Did parallel map millionSqrt in 249 milliseconds.

=3D=3D=3D=3D=3D=3D=3D=3D  parallelSort  =3D=3D=3D=3D=3D=3D=3D=3D=3D=3D=3D=
=3D
Serial quick sort:  5191 milliseconds.
Parallel quick sort:  1913 milliseconds.

=3D=3D=3D=3D=3D=3D=3D=3D  pipelining  =3D=3D=3D=3D=3D=3D=3D=3D=3D=3D=3D=3D
Did serial string -> float, euclid in 2236 milliseconds.
Did parallel string -> float, euclid with 4 cores in 1528 milliseconds.

scons: done building targets.


--=20
Russel.
=3D=3D=3D=3D=3D=3D=3D=3D=3D=3D=3D=3D=3D=3D=3D=3D=3D=3D=3D=3D=3D=3D=3D=3D=3D=
=3D=3D=3D=3D=3D=3D=3D=3D=3D=3D=3D=3D=3D=3D=3D=3D=3D=3D=3D=3D=3D=3D=3D=3D=3D=
=3D=3D=3D=3D=3D=3D=3D=3D=3D=3D=3D=3D=3D=3D=3D=3D=3D=3D=3D=3D=3D=3D=3D=3D=3D=
=3D=3D
Dr Russel Winder      t: +44 20 7585 2200   voip: sip:russel.winder ekiga.n=
et
41 Buckmaster Road    m: +44 7770 465 077   xmpp: russel russel.org.uk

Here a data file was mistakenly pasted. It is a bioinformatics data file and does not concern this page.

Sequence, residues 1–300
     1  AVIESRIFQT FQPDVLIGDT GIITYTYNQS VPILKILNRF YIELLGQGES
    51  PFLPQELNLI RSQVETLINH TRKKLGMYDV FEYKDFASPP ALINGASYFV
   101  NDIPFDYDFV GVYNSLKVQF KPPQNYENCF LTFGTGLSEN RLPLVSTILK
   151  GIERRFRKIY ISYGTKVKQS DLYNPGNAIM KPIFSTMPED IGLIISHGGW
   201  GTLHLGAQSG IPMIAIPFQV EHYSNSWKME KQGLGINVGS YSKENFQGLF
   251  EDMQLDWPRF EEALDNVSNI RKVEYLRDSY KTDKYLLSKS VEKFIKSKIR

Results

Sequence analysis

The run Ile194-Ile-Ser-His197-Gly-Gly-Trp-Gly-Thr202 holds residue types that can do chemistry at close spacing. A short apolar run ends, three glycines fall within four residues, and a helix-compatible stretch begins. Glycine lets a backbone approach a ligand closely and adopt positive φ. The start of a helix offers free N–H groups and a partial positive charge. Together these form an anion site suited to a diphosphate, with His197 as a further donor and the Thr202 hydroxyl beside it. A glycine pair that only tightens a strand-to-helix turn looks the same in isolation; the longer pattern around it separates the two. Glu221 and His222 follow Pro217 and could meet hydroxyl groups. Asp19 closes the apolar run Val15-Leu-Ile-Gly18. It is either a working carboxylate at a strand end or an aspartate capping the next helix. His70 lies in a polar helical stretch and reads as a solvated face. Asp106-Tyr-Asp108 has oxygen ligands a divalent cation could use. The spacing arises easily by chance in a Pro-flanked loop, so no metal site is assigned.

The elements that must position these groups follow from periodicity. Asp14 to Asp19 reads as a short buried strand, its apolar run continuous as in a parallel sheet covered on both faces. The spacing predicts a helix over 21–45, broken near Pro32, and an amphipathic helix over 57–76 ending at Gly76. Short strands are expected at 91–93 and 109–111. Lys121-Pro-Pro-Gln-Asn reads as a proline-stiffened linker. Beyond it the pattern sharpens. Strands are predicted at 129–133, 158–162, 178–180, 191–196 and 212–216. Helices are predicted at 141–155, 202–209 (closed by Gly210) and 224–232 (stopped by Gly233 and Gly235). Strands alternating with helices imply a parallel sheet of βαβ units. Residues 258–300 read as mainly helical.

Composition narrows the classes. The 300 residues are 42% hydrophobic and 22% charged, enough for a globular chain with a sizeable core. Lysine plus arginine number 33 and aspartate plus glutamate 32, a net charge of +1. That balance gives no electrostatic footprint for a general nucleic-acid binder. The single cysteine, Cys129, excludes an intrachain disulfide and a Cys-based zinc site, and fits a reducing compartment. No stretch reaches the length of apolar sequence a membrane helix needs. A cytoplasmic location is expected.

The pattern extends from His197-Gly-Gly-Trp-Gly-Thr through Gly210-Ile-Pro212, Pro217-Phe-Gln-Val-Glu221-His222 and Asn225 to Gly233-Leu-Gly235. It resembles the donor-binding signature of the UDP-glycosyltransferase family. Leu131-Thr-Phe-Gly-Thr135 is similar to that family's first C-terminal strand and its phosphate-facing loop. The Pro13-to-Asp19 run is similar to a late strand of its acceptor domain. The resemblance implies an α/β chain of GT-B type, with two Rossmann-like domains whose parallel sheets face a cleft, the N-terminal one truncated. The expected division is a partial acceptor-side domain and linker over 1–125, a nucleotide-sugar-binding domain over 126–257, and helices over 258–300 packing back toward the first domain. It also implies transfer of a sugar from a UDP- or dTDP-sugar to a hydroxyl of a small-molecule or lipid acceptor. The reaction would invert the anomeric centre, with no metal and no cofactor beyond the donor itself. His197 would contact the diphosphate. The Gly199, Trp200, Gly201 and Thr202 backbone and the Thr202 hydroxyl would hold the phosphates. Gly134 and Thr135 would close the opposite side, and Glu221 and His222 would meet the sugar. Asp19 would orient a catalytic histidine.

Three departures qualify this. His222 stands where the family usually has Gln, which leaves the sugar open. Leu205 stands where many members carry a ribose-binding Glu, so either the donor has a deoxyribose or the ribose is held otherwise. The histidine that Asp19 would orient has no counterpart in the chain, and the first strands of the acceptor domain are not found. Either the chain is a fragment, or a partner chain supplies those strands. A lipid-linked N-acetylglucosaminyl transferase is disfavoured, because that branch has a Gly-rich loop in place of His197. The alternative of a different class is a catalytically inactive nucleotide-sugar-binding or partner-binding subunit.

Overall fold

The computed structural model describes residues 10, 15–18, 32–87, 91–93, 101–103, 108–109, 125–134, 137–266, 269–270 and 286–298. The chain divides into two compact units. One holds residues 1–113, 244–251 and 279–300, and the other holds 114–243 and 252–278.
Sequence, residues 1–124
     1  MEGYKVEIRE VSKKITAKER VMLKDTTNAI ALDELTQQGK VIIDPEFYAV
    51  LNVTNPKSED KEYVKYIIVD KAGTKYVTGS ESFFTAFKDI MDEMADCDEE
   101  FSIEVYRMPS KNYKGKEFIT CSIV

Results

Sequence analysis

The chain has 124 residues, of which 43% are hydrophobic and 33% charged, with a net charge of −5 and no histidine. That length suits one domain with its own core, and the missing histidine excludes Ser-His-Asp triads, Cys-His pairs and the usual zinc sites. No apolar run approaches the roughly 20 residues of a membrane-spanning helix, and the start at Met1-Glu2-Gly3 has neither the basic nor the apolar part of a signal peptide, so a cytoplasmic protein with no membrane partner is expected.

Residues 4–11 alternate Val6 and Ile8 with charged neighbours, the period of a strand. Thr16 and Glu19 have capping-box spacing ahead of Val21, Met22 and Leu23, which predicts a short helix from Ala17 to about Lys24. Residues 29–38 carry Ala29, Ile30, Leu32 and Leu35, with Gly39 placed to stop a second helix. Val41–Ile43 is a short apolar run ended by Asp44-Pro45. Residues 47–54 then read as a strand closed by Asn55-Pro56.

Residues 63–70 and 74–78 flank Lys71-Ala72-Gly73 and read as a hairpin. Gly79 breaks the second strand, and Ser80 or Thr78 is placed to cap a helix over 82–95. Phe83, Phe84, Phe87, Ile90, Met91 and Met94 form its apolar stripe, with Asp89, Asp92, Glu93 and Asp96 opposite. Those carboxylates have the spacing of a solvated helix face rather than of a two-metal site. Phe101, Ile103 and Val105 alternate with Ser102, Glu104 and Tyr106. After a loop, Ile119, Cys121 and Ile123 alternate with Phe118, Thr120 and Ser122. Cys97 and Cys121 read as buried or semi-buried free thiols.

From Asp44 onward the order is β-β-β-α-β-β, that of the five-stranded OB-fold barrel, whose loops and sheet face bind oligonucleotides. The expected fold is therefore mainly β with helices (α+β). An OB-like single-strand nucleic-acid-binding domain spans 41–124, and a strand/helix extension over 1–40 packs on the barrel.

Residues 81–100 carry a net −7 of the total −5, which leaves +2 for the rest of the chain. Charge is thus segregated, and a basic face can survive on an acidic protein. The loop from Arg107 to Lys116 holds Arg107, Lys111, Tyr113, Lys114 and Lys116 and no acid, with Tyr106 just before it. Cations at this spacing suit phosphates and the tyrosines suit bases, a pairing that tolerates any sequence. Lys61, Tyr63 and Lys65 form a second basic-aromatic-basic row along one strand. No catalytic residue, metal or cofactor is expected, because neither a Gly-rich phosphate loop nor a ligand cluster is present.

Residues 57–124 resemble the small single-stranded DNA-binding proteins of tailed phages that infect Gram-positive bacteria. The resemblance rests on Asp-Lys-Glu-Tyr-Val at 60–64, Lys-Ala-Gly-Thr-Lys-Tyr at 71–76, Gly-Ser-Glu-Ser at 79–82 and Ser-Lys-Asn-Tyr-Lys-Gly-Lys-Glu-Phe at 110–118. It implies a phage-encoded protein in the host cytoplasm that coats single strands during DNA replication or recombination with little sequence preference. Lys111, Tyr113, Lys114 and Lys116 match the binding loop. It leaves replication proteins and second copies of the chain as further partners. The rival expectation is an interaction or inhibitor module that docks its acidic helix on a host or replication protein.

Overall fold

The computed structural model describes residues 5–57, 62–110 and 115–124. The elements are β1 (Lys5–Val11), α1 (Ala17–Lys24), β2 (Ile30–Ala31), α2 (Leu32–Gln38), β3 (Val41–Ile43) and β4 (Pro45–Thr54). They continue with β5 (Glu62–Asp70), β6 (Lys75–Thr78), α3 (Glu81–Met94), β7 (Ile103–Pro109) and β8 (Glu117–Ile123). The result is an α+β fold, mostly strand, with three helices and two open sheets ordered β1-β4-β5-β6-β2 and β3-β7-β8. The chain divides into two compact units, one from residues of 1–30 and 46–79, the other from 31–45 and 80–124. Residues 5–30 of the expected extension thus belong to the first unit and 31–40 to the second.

London SW11 1EN, UK   w: www.russel.org.uk  skype: russel_winder
Feb 27 2011
parent reply dsimcha <dsimcha yahoo.com> writes:
On 2/27/2011 8:03 AM, Russel Winder wrote:
 32-bit mode on a 8-core (twin Xeon) Linux box.  That core.cpuid bug
 really, really sucks.

 I see matrix inversion takes longer with 4 cores than with 1!

Can you please re-run the benchmark to make sure that this isn't just a one-time anomaly? I can't seem to make the parallel matrix inversion run slower than serial on my hardware, even with ridiculous tuning parameters that I was almost sure would bottleneck the thing on the task queue. Also, all the other benchmarks actually look pretty good. It's possible that machines with multiple physical CPUs are much more likely to bottleneck on the task queue because synchronized blocks cost a few more clock cycles. It's also possible that stack alignment issues are creeping in somewhere I hadn't anticipated, or that using 4 cores instead of two on a fairly fine-grained benchmark is enough to bottleneck on the queue (though I doubt this because this benchmark worked well for others with quad cores).